Your life is your business, like it or not.

The first part of this post’s title is “your life is your business.” I kicked off with that because that’s the point this blog post is trying to make–that what you do in your life can really give your business life as well. But I want to close by pointing out that the opposite is true as well: destructive and questionable life choices can injure or even destroy your business.

I’ve had the opportunity to work with a lot of teachers, and a universal truth in the teaching community for decades and even centuries has been that teachers really have to mind their Ps and Qs in your normal day to day life. Teachers tend to be placed up on a moral pedestal, and so their professional careers ruined by gossip and public backlash in response to life choices–drinking, divorce, speaking out on personal and political beliefs–that people in many other careers take for granted.

However, the playing field for people in all professions is rapidly being leveled, thanks to the piece of communications technology that is allowing you to read this right now: the Internet. Our lives and our histories are indelibly tied up in social media, and what we do today can be fodder for discussion amongst millions of people on Facebook tomorrow.

When personal events go public and negatively affect business.

An excellent example of this is actually playing out right now. Recently, a dentist in Minnesota was identified as the game hunter who shot and killed a lion in Zimbabwe. The lion had been illegally lured away from the preserve where it had liven and been protected, and had apparently been a very popular tourist attraction.

As a result, literally millions of people have been taking to various social media networks, protesting the man’s actions. He has had to take his business’s site offline, and has even closed his physical business for the moment. In the meantime, his Yelp and Google review pages are being swamped with negative reviews, some of them quite profane. Currently, his Yelp page has about 1,800 reviews (plus another 500+ reviews that are hidden by Yelp due to being “not currently recommended”), and he has nearly 3,500 reviews on Google.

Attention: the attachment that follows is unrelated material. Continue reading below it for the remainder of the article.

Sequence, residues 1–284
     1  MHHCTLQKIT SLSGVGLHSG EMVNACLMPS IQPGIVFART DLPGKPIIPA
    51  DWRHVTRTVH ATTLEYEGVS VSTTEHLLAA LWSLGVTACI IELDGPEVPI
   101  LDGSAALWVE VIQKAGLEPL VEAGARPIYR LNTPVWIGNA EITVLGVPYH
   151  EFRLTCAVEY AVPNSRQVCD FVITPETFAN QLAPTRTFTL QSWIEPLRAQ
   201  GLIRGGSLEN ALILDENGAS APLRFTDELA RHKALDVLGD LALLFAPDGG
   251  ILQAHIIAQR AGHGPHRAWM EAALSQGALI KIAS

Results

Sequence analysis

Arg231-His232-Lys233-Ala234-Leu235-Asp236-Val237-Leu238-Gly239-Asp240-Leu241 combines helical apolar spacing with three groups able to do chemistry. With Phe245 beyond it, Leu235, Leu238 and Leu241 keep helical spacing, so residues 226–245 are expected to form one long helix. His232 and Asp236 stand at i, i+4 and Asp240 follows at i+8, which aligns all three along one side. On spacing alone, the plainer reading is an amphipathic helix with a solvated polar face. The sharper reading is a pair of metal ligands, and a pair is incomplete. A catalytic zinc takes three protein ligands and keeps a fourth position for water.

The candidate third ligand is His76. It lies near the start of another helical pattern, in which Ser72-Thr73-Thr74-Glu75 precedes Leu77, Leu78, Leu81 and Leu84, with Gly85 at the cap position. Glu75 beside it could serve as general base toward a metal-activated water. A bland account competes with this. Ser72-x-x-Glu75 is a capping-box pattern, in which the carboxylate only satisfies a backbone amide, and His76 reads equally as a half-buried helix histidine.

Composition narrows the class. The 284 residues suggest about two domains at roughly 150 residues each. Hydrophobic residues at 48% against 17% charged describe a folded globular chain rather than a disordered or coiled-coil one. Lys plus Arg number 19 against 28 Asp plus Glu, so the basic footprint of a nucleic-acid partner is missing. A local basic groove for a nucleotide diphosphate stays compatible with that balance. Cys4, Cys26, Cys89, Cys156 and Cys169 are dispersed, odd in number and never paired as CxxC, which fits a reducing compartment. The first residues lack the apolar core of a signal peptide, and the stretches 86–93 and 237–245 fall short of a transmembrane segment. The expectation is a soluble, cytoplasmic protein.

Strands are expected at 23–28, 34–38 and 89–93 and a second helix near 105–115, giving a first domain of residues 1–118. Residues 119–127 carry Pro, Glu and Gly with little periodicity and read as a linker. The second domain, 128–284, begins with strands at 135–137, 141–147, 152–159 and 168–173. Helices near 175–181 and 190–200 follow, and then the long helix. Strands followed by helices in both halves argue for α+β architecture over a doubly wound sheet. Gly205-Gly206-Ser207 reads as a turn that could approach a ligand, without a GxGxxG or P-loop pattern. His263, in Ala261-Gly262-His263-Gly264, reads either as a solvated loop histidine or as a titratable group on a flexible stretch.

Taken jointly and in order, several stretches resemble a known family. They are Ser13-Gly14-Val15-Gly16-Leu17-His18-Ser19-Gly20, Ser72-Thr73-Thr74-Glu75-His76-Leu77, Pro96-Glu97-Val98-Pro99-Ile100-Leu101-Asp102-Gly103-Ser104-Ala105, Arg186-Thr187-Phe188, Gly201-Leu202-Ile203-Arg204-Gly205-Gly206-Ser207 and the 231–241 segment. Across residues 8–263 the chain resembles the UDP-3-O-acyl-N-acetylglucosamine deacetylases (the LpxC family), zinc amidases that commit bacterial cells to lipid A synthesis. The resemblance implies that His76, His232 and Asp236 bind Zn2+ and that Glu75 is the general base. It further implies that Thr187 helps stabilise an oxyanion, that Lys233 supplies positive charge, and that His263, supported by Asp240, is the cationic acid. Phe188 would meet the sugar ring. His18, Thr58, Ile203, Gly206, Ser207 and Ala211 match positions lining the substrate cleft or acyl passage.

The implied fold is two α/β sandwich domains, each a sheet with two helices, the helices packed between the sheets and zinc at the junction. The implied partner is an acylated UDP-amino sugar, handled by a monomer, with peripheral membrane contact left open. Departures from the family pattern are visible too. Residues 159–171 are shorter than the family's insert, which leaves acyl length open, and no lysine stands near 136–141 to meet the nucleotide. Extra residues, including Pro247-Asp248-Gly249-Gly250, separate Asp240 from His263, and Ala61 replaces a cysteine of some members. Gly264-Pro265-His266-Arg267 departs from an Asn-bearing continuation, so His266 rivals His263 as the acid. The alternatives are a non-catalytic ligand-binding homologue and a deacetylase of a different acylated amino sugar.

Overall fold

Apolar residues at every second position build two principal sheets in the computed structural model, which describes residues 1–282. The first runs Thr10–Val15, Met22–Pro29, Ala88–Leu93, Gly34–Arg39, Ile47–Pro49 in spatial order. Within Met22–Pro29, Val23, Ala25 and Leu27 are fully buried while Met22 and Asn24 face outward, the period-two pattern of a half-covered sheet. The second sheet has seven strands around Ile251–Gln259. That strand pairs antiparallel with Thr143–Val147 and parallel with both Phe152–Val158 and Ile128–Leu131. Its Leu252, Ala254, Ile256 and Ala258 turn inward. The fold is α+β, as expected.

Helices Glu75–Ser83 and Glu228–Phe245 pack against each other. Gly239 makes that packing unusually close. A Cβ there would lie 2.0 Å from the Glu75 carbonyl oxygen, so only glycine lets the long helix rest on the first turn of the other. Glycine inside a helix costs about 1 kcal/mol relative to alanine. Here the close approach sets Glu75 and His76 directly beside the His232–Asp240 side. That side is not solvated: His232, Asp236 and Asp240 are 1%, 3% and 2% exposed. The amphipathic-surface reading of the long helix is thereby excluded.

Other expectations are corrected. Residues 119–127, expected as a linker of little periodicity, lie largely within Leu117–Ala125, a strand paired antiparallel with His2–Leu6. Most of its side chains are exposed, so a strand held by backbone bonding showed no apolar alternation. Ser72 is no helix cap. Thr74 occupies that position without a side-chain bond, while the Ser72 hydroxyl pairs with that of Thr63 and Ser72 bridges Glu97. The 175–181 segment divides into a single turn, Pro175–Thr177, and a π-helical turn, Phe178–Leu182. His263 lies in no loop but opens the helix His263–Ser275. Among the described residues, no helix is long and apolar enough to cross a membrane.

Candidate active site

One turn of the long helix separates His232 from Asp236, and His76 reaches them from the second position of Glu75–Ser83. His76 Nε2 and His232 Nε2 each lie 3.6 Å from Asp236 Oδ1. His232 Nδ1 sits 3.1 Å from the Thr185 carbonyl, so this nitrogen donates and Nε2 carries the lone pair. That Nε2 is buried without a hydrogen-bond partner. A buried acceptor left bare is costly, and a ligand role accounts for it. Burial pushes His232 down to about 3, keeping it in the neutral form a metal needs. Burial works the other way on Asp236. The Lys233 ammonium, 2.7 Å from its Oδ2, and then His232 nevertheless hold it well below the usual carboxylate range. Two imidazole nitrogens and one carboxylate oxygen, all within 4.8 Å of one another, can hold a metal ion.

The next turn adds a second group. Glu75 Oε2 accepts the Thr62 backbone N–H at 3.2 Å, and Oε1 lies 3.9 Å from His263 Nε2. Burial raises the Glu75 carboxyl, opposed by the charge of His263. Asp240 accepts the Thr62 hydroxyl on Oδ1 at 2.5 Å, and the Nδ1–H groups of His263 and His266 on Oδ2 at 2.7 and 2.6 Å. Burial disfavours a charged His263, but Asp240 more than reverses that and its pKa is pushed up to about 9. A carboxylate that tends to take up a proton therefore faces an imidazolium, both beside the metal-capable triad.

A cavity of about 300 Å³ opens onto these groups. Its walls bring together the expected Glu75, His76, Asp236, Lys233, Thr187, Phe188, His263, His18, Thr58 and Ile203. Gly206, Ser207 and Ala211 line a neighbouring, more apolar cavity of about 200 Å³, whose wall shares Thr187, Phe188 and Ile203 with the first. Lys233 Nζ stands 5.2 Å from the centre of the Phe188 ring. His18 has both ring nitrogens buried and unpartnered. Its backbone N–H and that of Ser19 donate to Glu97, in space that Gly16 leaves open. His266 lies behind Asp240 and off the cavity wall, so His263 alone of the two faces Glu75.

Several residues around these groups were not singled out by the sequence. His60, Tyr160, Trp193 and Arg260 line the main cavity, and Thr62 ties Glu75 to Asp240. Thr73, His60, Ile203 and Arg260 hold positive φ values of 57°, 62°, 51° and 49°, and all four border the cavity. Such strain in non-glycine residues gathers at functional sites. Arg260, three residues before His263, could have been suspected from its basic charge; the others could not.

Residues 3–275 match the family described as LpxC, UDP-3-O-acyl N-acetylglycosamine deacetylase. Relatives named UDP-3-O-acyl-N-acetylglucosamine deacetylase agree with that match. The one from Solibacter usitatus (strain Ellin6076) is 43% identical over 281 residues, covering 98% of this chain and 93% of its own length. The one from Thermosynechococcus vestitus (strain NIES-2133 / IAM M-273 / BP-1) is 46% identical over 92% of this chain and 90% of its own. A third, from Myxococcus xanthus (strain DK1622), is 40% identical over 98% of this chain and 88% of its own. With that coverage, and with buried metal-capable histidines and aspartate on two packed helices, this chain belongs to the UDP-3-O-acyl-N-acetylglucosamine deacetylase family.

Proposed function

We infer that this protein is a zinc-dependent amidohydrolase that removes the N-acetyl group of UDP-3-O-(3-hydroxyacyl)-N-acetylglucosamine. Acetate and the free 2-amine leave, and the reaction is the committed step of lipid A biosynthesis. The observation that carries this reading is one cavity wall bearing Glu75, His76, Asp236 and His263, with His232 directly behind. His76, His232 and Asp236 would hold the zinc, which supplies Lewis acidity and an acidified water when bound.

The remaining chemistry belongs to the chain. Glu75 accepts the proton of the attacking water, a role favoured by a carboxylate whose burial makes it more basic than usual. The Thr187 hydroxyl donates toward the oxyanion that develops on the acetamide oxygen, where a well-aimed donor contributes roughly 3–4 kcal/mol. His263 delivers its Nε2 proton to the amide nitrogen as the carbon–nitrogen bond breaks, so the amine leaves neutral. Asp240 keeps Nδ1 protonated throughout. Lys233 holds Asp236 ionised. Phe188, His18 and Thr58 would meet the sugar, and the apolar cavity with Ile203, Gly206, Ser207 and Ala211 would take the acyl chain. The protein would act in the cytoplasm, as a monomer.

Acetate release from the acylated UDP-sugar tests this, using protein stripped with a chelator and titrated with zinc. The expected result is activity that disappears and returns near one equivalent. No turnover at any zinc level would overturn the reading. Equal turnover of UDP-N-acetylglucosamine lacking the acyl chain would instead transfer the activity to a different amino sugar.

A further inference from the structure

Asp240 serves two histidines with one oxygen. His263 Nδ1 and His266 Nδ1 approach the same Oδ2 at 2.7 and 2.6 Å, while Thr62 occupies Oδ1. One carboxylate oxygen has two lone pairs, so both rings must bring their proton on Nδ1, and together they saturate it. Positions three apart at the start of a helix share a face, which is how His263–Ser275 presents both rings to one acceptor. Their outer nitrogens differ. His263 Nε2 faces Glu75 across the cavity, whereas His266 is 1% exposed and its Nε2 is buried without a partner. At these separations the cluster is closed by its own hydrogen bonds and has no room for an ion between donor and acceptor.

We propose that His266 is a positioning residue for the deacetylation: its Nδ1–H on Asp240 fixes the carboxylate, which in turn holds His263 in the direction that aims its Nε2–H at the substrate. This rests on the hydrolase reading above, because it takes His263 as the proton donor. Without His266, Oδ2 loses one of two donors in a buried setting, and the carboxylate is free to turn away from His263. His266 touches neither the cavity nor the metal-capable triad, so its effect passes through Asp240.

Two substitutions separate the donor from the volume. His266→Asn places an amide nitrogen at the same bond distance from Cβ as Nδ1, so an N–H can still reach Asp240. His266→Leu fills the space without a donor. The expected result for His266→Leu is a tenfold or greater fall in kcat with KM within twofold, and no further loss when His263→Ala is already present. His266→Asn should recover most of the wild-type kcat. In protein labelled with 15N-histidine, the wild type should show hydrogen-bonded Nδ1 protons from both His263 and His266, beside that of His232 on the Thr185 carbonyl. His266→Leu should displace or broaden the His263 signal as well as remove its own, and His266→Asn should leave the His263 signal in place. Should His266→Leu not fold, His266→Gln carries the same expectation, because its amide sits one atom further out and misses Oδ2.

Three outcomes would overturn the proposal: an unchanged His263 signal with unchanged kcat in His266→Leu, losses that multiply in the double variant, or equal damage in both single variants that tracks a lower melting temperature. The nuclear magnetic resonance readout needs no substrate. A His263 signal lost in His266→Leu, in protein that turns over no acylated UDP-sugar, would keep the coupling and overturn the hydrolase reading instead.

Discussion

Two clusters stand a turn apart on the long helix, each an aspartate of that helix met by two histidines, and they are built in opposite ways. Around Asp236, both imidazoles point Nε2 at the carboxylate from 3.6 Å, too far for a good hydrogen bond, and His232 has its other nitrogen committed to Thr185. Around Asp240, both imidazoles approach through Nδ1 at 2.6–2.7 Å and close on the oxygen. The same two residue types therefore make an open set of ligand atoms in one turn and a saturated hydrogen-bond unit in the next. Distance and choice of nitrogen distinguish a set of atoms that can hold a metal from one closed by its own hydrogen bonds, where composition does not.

It has to be understood that the Internet has a nearly infinite memory. This is such a huge problem that in 2006, the European Union passed a law stating that citizens have a right to have information about themselves erased from Internet sites and search engines–this has been dubbed as “the right to be forgotten.” Even after Yelp and Google inevitably delete the reviews that aren’t actually related to the actions of his business, anybody who does a Google search about his business will be deluged with articles published by major news sources all over the world, describing exactly what the man did.

Regardless of your opinion of the individual and what he did, it’s obvious that his business and professional reputation will never recover from this. While this is an incredibly extreme example, situations similar to this negatively affect thousands of businesses every year. Sometimes it starts with a bad Yelp review, or a business owner’s minor crime being mentioned in the local newspaper, or a poorly thought-out post on a personal social media account. But it doesn’t take much of a spark to start a fire on the Internet.

Just as the positive things in your life can be used to invigorate your business’s image, the negative things in your life can destroy it. The line between our personal and professional lives is rapidly narrowing into nonexistence. So, just as you should always be on the lookout for elements of your life that can be used to lend color to your business, you should also always carefully examine the choices you make and actions you take in your personal life, and reconsider those that might come back to bite you.